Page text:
Technical: Mitsubishi Ralliart makes few changes to the Lancer Evo WRCs for this event - during extensive pre-event testing, the team has concentrated on fine-tuning the car's suspension and damper settings. Both Alister McRae and François Delecour have given positive feedback on the changes, although both admit that more work is necessary. McRae gets a brand new car for Corsica.
Sporting: After fielding three cars in Sweden, Mitsubishi reverts to its regular two-Lancer line-up for Corsica, with Alister McRae and François Delecour behind the wheel.
Quotes: Alister McRae said: "It's hard to say what we can achieve here - obviously we were closer to the pace in Sweden than we were in Monte Carlo, but we're still learning a lot about the car on dry asphalt so it'll be hard to challenge. We've made some improvements but other teams are introducing virtually new cars here, so we'll have to wait and see how we compare to them."
François Delecour said: "The car is feeling better now than it has done on asphalt before - it's still not perfect and we have a lot of work left to do, but the work on the suspension has made it more stable over the bumpier sections. The areas where we need to work are on turn-in, because there's still a bit of understeer, and in the engine response."
HYUNDAI (5th - 1 point)
Technical: Hyundai introduces the latest evolution of its Accent World Rally Car in Corsica. The team hopes that the Accent WRC3 will be a major step forward over its predecessor - more than 80 percent of the car is revised or new. Major modifications include work on the engine to improve the airflow and the turbocharger's performance. The engine's internal parts have also been lightened to reduce inertia. Drivers have reported better power, more torque and a wider powerband as a result. Hyundai's rally partner Motor Sport Developments has also revised the Accent's suspension geometry to make the car more stable, and improved brake effectiveness and cooling.
Sporting: Hyundai fields three Accent WRC3s in Corsica - regulars Armin Schwarz and Freddy Loix are joined by former Polish F2 champion Tomasz Kuchar on his first outing in a factory team. The 25-year old will tackle a four-event programme with Hyundai this season. Loix has achieved his goal of appearing in Corsica without the need for either crutches or extra protection around the foot that he injured in a Monte Carlo Rally accident. He created extra work for the Hyundai mechanics this morning, though, by rolling his car at the pre-event shakedown.
Quotes: Freddy Loix said: "My foot feels not too bad at all, and I'm pleased to have made it here without the crutches or the protection. What we really need here is to show similar or better speed that we had in Sweden, but to get to the finish. The car has felt very good in testing - the engine certainly feels stronger, so I'm optimistic. The accident today was down to having a bit too much speed into one corner - we slid onto the grass and then there was a little mound of earth which sent us into a roll."
Armin Schwarz said: "The engine is a big improvement - not just in horsepower and torque but also the driveability, and I think that is almost the most important thing of all. I think the team's goal of fourth in the manufacturers' championship is certainly achievable, if we get good reliability and speed from the car - and the drivers."
Technical: Skoda has made few major changes to the Octavia for Corsica, although this is the first time that the team will run the car with three 'active' differentials (previously the rear differential had lacked computer control). Kenneth Eriksson and Toni Gardemeister will both use brand new cars, while Roman Kresta will use an older, updated model.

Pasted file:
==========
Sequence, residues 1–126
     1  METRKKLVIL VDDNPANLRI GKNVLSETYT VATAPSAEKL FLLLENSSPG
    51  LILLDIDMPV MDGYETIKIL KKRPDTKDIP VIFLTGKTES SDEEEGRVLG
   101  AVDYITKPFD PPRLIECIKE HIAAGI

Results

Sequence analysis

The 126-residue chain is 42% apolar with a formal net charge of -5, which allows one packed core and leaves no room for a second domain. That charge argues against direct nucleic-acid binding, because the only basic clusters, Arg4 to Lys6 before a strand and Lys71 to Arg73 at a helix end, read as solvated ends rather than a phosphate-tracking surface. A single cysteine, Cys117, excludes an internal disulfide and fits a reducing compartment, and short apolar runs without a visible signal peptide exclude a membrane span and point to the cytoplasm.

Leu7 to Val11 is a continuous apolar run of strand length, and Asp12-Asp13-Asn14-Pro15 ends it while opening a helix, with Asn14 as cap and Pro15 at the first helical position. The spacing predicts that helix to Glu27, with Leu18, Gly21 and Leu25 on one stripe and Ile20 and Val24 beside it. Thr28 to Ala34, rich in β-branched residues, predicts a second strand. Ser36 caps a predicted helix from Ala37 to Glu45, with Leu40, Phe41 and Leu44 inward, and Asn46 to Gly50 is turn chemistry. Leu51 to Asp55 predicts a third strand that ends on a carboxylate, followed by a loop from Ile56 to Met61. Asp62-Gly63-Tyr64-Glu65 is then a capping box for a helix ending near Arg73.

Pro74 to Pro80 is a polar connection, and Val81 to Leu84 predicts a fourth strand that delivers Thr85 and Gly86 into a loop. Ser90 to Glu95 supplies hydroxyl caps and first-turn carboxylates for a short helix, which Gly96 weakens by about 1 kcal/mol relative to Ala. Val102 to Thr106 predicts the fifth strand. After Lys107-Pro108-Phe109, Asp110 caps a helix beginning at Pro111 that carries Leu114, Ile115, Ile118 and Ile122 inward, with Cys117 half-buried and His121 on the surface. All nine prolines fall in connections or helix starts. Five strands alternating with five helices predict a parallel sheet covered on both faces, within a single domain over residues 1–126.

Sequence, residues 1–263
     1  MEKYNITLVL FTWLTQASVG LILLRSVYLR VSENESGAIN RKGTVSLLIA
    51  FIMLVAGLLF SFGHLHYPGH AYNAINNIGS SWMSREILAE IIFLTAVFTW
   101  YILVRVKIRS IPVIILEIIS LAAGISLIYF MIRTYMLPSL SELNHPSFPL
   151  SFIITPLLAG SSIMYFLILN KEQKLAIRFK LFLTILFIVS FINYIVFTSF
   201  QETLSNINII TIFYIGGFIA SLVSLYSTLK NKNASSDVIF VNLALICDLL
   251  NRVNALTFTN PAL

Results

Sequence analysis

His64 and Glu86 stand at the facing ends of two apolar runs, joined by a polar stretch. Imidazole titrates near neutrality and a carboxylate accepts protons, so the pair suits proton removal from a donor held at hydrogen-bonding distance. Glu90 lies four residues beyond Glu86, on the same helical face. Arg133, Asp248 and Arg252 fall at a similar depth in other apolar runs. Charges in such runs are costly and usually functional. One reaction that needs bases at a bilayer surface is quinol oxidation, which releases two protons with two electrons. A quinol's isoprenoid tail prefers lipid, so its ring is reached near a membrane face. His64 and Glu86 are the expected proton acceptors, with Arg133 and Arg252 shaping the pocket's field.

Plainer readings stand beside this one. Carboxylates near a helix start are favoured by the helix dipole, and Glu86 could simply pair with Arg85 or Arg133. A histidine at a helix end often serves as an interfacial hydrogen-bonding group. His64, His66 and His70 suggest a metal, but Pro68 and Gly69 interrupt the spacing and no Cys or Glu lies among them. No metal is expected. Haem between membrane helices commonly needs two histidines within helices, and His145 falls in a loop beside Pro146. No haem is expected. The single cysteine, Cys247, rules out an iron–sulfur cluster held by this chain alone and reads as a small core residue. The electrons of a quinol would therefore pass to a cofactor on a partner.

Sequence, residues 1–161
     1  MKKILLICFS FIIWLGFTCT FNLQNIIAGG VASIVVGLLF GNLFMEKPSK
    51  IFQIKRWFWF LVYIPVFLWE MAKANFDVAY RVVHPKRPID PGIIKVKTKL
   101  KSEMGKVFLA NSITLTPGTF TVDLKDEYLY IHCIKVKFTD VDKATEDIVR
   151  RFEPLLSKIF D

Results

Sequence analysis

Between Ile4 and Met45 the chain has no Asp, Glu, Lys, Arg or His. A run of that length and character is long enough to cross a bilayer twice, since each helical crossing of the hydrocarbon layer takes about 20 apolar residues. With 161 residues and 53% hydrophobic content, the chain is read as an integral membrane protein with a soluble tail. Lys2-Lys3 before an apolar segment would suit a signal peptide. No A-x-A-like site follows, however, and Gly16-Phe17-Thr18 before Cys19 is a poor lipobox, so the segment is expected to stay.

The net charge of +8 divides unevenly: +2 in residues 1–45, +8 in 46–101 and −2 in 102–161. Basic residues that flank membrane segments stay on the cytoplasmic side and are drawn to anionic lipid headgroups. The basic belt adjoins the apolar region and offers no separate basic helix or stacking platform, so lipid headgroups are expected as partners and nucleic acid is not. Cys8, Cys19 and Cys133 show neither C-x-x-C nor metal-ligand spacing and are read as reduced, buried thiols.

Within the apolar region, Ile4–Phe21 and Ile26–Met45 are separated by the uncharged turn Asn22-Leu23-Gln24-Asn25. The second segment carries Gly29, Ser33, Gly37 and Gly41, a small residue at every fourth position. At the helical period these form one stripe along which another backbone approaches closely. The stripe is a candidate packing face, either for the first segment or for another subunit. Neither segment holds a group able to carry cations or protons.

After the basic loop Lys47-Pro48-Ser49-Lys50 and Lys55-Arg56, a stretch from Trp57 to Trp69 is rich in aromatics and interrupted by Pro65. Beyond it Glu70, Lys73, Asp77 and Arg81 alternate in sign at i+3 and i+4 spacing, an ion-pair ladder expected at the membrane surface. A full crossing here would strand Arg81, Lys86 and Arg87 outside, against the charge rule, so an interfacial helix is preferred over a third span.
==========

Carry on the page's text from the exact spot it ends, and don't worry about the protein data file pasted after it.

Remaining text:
Sporting: Skoda brings back the young Czech driver, Roman Kresta, for the Tour de Corse. He'll team up with the manufacturer's two regular drivers, Kenneth Eriksson and Toni Gardemesiter. Kresta hit problems at this morning's shakedown when he had a small accident, but his car will be ready for tomorrow morning's start regardless.
Quotes: Kenneth Eriksson said: "It's going to be as hard a rally as ever for us. The narrow mountain roads are very tricky and the Octavia's a big car. But if we have a clean run here then anything is possible. We're learning more about the car all the time and the new type of differential helps too."
Citroen is not sending any works Xsara WRCs to this event, but the team's regular driver Philippe Bugalski will use a Xsara WRC run by Spanish private team Piedrafita.
The Tour de Corse has attracted a strong contingent of non-works World Rally Cars. Bugalski and Rovanperä aside, drivers like Bruno Thiry and Achim Mortl (Peugeot 206 WRCs) will have high hopes of inching into the top ten to fight for points.
The event is also a round of the FIA Production Cars World Rally Championship for more standard vehicles. Favourites for the category will include Hamed al Wahaibi, Ramon Ferreyros and Gustavo Trelles. Italian driver Alex Fiorio will not be starting, however - the former category champion was injured in a road accident in Italy last weekend and he is unlikely to be fit enough to return to driving until at least one month.
__________________________________________________________________ <pre> STAGE ITINERARY
Leg 1, Friday 8th March (334.32km)
08:56 SS 1 Cuttoli - Peri 17.72km 09:44 SS 2 Ocana - Radicale 28.64km 11:55 SS 3 Petreto - Ampaza 36.73km 14:04 SS 4 Cuttoli - Peri 17.72km 14:52 SS 5 Ocana - Radicale 28.64km
Leg 2, Saturday 9th March (363.34km)
09:24 SS 6 Petreto - Ampaza 36.73km 11:40 SS 7 Gare de Carbuccia - Gare d^ÒUcciani 10.66km 12:05 SS 8 Vero - Pont d'Azzana 18.28km 12:40 SS 9 Lopigna - Sarolla 30.11km 15:01 SS 10 Gare de Carbuccia - Gare d^ÒUcciani 10.66km 15:26 SS 11 Vero - Pont d'Azzana 18.28km 16:01 SS 12 Lopigna - Sarolla 30.11km
Leg 3, Sunday 10th March (240.37km)
09:29 SS 13 Coti Chiavari - Pietra Rossa 24.21km 10:05 SS 14 Pont de Calzola - Agosta Plage 31.79km 12:07 SS 15 Coti Chiavari - Pietra Rossa 24.21km 12:43 SS 16 Pont de Calzola - Agosta Plage 31.79km 14:26 Finish of the rally in Ajaccio